Section I Description of The Best-Tool



Sharing Best Practices across industries and functions is an accepted approach to continuous improvement. The Benchmarking trend of the 1990s has evolved with the help of competitive analysis, performance excellence awards, and other corporate recognition programs into an ongoing documentation of what works. Bob Camp introduced benchmarking against a Best Practice based on his work at Xerox in the 1980s. Case studies abound documenting Best Practice functions and processes. Some case studies use the words “Best Practice” without evidence that the process, results, or methods are, indeed, superior. What is missing is a comprehensive model for assessing and writing a Best Practice that provides sufficient information to use as an effective benchmark. This book provides that comprehensive model.

Not every process performs as well as desired. Perhaps the process is not designed or measured properly. Perhaps the process is not documented in a way that ensures consistency of results. Having a good example can be a source of inspiration. There is no need to reinvent the wheel if someone else has already identified potential improvements. The challenge is to find a Best Practice that provides enough material to conduct a useful gap analysis for subsequent improvement.

Best Practices are tools for designing processes more effectively. They guide us to better and even excellent results. There is a pitfall, however: you must learn from the Best-in-Class, not from the average. Implementing Best Practices minimizes mistakes while often achieving remarkable improvements. Developing a Best Practice within your own organization is one step on the journey toward excellence.

Today’s consumers expect products and services to be of high quality, reliable, and user-friendly. This is the result of years of continuous improvement and innovation by producers. Although many organizations strive for excellent results, there is still room for improvement. Unfortunately, leaders don’t always have methods and tools to measure or assess that degree of excellence. If a leader could use a tool to discover how good his approaches and methods are, and how excellent his achieved results are, he could plan further improvements. The goal is to achieve excellent results. The tool described in this book guides leaders to achieve that excellence.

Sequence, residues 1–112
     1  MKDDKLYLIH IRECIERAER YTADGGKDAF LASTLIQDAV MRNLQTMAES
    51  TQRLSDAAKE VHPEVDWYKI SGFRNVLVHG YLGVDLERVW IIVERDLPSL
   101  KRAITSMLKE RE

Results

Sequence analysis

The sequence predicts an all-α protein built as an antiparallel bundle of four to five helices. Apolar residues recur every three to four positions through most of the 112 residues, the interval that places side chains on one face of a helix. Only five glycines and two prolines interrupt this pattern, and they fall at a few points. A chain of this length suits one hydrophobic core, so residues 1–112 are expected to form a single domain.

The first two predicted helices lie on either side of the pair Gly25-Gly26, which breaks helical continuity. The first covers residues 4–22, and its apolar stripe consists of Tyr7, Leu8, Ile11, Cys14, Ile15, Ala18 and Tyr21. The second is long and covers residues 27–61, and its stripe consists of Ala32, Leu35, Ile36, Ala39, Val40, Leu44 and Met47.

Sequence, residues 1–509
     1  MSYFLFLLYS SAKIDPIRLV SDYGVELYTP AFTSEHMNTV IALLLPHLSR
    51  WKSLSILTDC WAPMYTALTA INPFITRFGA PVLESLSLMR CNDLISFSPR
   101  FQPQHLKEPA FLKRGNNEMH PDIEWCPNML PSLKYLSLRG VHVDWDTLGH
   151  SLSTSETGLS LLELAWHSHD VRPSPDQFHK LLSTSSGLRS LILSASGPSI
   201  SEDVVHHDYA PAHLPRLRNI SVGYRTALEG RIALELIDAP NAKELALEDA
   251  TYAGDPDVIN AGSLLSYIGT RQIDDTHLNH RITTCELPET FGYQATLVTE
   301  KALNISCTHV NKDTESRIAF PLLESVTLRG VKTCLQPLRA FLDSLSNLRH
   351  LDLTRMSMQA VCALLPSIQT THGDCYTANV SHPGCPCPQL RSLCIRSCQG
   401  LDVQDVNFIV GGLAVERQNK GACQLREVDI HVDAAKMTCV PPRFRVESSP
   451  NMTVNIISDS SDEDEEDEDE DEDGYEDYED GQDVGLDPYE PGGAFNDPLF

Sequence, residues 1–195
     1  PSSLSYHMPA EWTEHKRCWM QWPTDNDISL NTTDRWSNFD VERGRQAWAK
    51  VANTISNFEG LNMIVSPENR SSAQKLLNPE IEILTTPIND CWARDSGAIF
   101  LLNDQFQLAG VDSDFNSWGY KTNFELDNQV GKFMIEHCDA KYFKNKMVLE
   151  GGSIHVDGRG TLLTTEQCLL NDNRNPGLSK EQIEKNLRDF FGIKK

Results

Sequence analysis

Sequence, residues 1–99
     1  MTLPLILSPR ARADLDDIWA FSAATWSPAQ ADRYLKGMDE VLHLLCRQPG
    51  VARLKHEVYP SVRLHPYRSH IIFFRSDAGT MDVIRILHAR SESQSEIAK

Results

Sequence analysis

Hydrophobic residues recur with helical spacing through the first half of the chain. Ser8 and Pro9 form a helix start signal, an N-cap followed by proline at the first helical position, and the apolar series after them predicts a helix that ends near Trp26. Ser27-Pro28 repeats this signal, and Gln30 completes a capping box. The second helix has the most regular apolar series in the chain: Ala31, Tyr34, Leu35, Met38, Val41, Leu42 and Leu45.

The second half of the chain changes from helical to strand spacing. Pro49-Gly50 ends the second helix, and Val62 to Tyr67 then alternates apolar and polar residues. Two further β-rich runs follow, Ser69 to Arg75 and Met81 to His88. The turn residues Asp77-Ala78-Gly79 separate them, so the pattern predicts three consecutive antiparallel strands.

No one is born knowing the best method to achieve great results. Outstanding achievements are the result of a long learning process, great perseverance, hard work, and inspiration. Each of us has learned much in our lives and will still learn more. But it is an illusion to think we can know everything that is already known, much less individually know all that is yet to be discovered. Working together in highly motivated teams increases our capacity for knowledge, but even this option has its limits.

To speed up the process, we can also learn from others, namely those who have already achieved significant progress. Learning from Best Practices (also known as Best-in-Class, excellent methods, and excellent results) allows us to shorten the learning cycle drastically to achieve excellent results.

In reality, the better these Best Practice approaches are structured and documented, the more robust and reproducible the methods, and the better the outcomes achieved. Well organized and documented Best Practice examples can be a true source of inspiration for others wishing to improve their operations.

Why a Book on the Subject of “Best Practice”?

■ The BEST-tool is a new and unknown approach. It is not a software solution, although it employs Microsoft Excel. We offer our readers, managers, and anyone who wants to realize systematic progress in their key functional processes, a tool that allows them to plan improvement actions. Using the BEST-tool in the short term achieves breakthrough improvements. Consistent use of the BEST-tool achieves excellent results.

■ Quantifiable data: the user of the BEST-tool receives a Likert-scale quantification of how close his process is to a Best Practice or World Class performance.

■ Proof of need: when you search for “Example Best Practice” in Google, you get more than 2.7 billion hits. If you analyze a small number (100), you’ll discover that only a very few are really Best Practices. Why is this so? No writer of a Best Practice had a tool until now to assess whether their Best Practice really is one. With the BEST-tool they can make an accurate assessment for the first time.

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